Chiltern Society HS2 news round-up – March 2012
The key events of the month were:
- The development of the debate over runways in the South East
- The Judicial Reviews take a step forward
- The first consultation forums were held
- The National Audit Office slams HS1 over failure to meet cost and forecast passenger levels
- Some reports related to noise and health.
The Runways Debate
George Osborne has re-ignited the discussion on whether Heathrow should have a third runway. Read more here
Richard Branson can take some of the credit for lighting the fuse, warning that the Government risked losing out on economic growth unless Heathrow was connected to more of the fastest growing cities in the Far East with a third runway. He believes this is needed even if we build a new airport in the Thames Estuary. Link to interview here.
Boris Johnson is not too keen on this, and wonders never cease with a mayoral election in May, the Consultation on Aviation has been deferred (see airportwatchreport above).
Click to show article (click again to hide).
Focus on estuary airport in PM’s plans
By Rose Jacobs, Kiran Stacey and George Parker
David Cameron has given the strongest signal yet that he backs a new airport in the Thames estuary, vowing to take “controversial” decisions and tackle “vested interests” in a speech on renewing Britain’s infrastructure.
Mr Cameron said London needed to remain a global hub for air travel, that it needed more capacity and that he would not be content to see it become a feeder for bigger airports elsewhere in Frankfurt, Amsterdam or Dubai.
“We will need to take decisions for the long term and we will be bringing forward options in our aviation strategy which will include an examination of the pros and cons of a new airport in the Thames estuary,” he said in his speech in London on Monday.
The prime minister’s allies confirm he is drawn to the idea and that there was a “fairly high” chance the option could emerge as the best means of increasing the south-east’s airport capacity at the end of a study of all the options.
Mr Cameron’s wide-ranging speech on an upgrade of Britain’s infrastructure, in which he invoked the spirit of the Victorians in planning for the future, echoed the language of one of the most prominent proponents of a new hub airport, Lord Foster.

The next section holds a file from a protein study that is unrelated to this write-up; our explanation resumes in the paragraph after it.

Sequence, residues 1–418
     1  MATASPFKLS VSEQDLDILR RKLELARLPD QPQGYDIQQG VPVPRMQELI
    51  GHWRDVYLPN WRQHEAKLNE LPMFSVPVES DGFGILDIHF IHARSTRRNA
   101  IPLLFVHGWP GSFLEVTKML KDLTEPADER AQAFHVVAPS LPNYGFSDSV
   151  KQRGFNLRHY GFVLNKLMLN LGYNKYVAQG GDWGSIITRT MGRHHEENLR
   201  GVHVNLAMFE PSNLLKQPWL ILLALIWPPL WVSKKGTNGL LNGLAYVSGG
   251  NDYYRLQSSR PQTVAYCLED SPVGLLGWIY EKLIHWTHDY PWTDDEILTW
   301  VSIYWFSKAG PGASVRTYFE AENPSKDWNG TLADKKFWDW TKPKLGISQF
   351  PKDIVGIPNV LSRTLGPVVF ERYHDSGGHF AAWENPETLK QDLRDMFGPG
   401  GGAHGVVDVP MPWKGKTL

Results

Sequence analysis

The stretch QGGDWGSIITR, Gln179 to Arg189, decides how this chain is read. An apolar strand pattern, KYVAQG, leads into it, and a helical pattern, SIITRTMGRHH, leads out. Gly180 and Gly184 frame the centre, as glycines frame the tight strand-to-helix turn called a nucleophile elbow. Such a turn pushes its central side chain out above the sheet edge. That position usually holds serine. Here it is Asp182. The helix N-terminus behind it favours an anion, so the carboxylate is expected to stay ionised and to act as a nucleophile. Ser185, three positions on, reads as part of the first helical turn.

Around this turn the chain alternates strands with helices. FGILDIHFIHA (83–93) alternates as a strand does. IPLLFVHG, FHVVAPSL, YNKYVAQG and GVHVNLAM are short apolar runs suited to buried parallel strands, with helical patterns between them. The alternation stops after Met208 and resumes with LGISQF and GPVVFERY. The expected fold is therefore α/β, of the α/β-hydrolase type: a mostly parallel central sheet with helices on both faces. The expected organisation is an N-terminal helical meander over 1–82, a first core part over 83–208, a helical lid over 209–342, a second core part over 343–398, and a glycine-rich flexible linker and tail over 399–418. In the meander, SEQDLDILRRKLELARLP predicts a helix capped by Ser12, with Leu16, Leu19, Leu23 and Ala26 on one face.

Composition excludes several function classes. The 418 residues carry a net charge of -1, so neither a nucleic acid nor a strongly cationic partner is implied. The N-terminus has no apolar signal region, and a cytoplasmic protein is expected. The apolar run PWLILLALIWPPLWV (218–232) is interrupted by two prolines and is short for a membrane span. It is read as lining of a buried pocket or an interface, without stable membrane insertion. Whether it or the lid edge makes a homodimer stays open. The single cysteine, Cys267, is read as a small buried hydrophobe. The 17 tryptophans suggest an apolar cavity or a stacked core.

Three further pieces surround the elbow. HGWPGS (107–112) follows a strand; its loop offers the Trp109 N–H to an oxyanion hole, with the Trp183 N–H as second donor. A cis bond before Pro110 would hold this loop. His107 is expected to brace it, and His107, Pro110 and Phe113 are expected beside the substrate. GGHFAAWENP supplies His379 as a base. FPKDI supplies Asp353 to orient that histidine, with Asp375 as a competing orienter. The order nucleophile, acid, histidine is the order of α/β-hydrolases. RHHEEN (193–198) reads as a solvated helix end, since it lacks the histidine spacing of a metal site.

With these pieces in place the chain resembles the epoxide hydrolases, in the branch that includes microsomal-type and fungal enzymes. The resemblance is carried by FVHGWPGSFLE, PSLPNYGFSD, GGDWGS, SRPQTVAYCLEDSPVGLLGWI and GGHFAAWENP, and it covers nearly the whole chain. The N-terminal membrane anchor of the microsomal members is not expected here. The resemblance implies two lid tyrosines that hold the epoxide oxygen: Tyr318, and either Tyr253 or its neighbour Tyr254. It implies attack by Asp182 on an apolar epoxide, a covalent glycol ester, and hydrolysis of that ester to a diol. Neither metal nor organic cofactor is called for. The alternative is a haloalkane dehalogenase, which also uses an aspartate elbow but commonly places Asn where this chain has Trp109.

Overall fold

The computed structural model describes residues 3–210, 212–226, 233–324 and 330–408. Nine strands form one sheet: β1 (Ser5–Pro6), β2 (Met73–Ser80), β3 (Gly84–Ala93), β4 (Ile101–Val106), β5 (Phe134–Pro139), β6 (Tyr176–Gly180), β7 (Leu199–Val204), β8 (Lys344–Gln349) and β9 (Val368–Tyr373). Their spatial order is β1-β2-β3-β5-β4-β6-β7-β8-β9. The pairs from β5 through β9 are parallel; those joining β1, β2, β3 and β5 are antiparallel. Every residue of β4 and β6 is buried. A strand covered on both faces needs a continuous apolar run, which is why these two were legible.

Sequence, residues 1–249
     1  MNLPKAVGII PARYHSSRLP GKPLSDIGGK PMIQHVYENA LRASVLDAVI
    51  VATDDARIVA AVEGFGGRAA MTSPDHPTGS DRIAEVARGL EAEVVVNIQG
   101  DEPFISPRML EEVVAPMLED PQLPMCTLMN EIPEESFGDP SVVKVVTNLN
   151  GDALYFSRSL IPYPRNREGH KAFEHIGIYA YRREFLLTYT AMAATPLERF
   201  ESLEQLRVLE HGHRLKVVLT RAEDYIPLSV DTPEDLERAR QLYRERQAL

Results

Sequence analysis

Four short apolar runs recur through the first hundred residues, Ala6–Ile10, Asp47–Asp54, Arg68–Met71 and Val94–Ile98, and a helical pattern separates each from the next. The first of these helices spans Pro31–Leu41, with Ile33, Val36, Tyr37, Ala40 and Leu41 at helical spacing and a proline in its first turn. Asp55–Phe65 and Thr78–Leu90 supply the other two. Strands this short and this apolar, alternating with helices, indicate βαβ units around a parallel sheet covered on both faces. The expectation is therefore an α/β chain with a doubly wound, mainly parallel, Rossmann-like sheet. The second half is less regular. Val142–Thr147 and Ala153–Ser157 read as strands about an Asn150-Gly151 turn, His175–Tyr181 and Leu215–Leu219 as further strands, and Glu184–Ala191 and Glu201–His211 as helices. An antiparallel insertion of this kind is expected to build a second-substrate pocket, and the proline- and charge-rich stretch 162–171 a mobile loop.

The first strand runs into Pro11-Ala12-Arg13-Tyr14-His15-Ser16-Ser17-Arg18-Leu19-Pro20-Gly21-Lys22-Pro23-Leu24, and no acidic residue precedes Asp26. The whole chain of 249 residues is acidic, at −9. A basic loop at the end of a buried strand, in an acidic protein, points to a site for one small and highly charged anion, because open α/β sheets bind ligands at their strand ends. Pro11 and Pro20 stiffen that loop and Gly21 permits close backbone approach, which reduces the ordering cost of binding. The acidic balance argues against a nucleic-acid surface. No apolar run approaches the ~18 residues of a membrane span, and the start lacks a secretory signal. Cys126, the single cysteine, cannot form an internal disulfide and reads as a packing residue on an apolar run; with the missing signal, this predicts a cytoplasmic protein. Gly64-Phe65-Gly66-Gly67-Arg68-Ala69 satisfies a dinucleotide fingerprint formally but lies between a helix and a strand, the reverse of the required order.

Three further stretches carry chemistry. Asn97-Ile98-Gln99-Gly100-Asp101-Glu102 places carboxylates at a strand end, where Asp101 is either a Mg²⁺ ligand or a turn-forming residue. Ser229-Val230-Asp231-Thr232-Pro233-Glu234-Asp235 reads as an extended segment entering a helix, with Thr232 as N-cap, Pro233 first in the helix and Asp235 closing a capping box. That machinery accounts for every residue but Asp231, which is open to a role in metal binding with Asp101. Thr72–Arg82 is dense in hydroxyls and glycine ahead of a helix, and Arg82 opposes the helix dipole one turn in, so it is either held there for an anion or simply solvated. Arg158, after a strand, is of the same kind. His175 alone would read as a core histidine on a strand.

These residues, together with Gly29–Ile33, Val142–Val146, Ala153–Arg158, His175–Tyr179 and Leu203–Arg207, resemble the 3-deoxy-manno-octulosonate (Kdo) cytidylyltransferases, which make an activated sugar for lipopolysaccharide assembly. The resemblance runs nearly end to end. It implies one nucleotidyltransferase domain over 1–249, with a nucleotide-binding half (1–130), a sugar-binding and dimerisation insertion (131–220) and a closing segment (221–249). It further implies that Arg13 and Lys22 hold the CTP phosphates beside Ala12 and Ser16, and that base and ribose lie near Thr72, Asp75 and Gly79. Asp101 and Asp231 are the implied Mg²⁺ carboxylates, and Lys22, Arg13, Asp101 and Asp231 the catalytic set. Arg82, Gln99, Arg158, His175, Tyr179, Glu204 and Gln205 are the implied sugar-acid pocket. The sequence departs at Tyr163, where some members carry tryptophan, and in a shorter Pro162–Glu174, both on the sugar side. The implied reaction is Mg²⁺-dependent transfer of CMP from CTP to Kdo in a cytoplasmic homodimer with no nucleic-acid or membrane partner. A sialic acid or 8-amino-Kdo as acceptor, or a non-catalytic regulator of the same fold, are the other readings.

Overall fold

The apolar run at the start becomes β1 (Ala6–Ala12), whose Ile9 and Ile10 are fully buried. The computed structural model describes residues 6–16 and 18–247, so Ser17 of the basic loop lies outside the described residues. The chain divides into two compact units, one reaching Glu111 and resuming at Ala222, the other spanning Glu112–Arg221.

The prominent architect has put forward a proposal for a four-runway airport on the Isle of Grain that, together with high-speed train lines that would connect it to London, and a new Thames Barrier would cost an estimated £50bn.
The prime minister and chancellor are understood to have urged the Department for Transport to think big when drawing up the new aviation policy. Although Mr Cameron said better use could be made of existing capacity at Gatwick, the options for a long-term solution are limited.
Mr Cameron stoked speculation that the government might change course on a new runway at Heathrow airport when he said he retained “an open mind” on all possibilities for enlarging capacity in the south-east.
He mentioned Gatwick specifically, saying it was “emerging as a business airport for London, under a new owner competing with Heathrow”. That angered environmental campaigners, who pointed to the coalition agreement not to build new runways at Heathrow, Gatwick or Stansted.
But Number 10 quickly rowed back from this hint, insisting that the coalition agreement remained intact. A spokesman for the prime minister said Mr Cameron meant that a range of options would be included in the forthcoming aviation white paper, and pointed out that Gatwick and Stansted could be expanded without additional runways.
Aside from a plan to transfer Britain’s trunk roads and motorways to private sector operators, Mr Cameron promised investment in housing, a £2bn injection of pension fund cash into infrastructure, and new spending on superfast broadband and 4G technology.
Other solutions include linking Northolt to Heathrow to provide a third runway and upgrading Manston Airport in Kent.
What it all boils down to is that we need a National Transportation Infrastructure Policy, starting with the airports and integrating rail and road. In particular it needs to address freight. Moving much of this to rail would free up the roads, and reduce the wear and tear caused by HGVs.
Judicial Reviews (JR) etc
The two JRs commenced last month and are moving forward to hearings in the High Court (see JR process below) to determine whether the JRs will go ahead. This will probably be in the autumn.